How does menopausal hormone replacement therapy (HRT) affect ovarian cancer risk?

Updated: Sep 13, 2021
  • Author: Nicole K Banks, MD; Chief Editor: Richard Scott Lucidi, MD, FACOG  more...
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In various studies, effects of postmenopausal hormones on ovarian cancer risk have been inconsistent. Some researchers reported an increased risk with estrogen use, whereas others reported either no effect or a protective one. This confounding of results has been attributed to the fact that ovarian cancer is a rare disease and that numbers of patients were insufficient in the studies that have tried to elucidate the relationship.

A large prospective study showed that postmenopausal estrogen use for 10 years or longer was associated with increased risk of ovarian cancer mortality. [18] Swedish investigators reported that estrogen use alone and estrogen-progestogen used sequentially (progestogen used on average 10 d/mo) may be associated with an increased risk for ovarian cancer. [19] In contrast, continuous estrogen-progestogen (progestogen used on a mean of 28 d/mo) seemed to confer no increased risk of ovarian cancer. The WHI study demonstrated that continuous combined HT may slightly increase the risk of ovarian cancer.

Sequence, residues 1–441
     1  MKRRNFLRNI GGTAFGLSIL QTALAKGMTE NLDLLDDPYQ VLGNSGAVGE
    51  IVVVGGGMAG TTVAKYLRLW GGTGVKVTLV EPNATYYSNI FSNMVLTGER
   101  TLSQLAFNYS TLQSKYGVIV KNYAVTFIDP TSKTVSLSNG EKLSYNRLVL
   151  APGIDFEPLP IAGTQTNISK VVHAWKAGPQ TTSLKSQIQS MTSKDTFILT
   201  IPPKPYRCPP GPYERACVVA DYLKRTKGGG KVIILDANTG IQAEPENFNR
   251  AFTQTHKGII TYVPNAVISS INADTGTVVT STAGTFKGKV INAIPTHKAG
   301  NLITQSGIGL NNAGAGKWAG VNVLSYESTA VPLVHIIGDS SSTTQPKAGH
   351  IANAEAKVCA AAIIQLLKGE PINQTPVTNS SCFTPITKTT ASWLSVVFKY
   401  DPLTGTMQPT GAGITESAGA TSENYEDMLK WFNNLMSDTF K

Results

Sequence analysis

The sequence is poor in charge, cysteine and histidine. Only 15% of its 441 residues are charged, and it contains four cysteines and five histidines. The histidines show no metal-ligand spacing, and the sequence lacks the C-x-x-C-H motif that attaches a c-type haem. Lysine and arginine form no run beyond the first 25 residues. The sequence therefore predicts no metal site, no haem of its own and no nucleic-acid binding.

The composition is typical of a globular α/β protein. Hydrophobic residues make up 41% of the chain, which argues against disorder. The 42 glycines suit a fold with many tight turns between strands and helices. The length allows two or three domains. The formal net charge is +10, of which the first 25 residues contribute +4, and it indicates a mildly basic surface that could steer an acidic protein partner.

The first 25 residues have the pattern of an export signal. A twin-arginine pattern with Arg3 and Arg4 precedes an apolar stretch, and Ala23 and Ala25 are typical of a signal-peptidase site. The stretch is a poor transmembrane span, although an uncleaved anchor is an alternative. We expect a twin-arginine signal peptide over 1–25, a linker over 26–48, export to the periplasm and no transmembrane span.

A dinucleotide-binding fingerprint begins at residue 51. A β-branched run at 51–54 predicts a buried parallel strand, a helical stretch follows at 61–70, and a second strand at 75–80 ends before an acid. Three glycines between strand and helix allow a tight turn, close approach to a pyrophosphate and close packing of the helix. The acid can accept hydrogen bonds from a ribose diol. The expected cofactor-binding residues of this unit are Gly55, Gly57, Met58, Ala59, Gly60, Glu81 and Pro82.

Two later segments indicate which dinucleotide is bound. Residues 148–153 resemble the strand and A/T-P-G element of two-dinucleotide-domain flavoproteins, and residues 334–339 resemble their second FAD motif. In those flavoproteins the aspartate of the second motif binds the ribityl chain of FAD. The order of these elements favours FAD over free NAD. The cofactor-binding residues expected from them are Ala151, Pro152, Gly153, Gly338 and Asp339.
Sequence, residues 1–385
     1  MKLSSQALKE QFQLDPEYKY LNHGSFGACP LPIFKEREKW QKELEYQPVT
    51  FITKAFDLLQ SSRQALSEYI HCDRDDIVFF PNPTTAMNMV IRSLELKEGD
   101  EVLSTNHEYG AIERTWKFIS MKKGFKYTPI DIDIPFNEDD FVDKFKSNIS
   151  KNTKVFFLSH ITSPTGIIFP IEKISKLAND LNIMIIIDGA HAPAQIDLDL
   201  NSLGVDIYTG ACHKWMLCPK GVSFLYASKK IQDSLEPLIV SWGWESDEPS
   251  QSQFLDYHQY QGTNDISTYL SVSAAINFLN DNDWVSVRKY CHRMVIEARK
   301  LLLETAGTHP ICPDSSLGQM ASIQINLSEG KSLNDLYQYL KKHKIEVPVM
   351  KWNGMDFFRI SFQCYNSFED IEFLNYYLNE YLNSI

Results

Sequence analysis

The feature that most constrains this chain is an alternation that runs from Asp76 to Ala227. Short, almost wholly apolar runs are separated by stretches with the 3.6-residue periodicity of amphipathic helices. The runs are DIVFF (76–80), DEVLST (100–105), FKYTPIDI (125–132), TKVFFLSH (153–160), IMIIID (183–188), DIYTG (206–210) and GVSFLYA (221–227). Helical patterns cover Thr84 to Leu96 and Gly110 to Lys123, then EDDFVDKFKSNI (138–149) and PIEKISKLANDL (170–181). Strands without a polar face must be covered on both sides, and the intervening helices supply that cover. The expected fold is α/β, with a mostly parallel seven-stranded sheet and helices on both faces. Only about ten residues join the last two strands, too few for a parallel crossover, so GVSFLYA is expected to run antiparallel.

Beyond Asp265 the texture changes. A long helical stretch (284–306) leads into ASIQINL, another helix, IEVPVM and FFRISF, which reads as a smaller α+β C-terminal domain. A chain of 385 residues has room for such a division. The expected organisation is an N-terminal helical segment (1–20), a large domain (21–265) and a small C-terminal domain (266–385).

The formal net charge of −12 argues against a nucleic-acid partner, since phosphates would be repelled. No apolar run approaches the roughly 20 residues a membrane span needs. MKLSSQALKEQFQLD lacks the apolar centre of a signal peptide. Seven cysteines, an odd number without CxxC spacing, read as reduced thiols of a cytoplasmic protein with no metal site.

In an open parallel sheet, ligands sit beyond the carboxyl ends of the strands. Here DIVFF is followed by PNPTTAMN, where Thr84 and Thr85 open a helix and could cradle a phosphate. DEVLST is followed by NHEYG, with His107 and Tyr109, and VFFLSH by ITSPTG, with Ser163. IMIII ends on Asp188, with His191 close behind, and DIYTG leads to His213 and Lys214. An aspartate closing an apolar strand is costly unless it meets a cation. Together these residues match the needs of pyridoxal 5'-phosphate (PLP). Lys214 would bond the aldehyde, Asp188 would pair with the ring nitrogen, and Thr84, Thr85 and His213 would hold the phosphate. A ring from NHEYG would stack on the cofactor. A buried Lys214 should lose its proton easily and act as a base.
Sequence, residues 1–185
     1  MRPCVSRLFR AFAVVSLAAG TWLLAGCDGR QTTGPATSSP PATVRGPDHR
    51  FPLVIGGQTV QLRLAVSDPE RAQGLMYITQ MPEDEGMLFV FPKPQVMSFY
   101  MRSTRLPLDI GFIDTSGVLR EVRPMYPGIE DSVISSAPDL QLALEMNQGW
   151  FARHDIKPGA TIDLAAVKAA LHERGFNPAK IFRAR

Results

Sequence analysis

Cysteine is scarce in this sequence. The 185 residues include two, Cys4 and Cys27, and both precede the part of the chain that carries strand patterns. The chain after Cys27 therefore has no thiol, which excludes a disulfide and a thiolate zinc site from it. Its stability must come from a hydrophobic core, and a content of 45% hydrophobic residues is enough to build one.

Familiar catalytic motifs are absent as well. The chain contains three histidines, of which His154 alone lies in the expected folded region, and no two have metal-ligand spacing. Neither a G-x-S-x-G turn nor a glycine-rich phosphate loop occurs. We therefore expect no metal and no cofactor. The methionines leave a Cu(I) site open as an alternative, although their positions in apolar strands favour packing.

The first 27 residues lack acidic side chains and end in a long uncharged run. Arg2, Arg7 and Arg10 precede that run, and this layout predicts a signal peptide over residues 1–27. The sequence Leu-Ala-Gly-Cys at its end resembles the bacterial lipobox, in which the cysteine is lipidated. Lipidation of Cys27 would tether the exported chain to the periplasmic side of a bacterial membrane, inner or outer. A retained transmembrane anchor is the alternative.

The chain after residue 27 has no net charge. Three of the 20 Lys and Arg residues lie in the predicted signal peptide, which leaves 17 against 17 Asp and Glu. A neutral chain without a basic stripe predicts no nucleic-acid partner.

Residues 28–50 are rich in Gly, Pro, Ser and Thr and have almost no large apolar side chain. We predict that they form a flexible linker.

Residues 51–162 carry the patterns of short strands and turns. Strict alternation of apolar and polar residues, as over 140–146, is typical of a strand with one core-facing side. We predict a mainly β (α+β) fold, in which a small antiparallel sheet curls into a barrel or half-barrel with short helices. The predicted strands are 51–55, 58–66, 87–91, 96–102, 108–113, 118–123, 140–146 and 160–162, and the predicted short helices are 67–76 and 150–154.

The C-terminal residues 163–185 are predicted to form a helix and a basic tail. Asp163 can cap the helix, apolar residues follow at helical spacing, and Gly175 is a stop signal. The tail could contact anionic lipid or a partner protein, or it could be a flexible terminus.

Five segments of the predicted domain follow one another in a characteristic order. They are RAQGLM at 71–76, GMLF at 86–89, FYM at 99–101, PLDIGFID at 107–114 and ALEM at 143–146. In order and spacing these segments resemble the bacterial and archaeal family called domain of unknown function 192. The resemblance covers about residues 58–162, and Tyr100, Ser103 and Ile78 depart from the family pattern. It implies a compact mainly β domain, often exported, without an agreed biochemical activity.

In the NCI Study of Hormone Therapy and Ovarian Cancer, researchers examined data from a large study that included 23,722 women who had hysterectomies and 73,483 women with intact uteri. [20] Their objective was to learn whether menopausal hormone use affected the risk of ovarian cancer. The risk of ovarian cancer was higher in women who received menopausal hormone therapy than in women who never used such therapy. However, the increased risks differed by hormone therapy formulation and regimen and varied according to the women's hysterectomy status.

In women who have undergone a hysterectomy, the use of estrogen alone for more than 10 years was linked to an increased risk of ovarian cancer. This increase in risk was not observed in women who took HT for less than 10 years.

In women with intact uteri, 5 or more years of sequential, but not continuous, estrogen plus progestogen was positively associated with ovarian cancer. This increased risk was also demonstrated in the Million Women Study.

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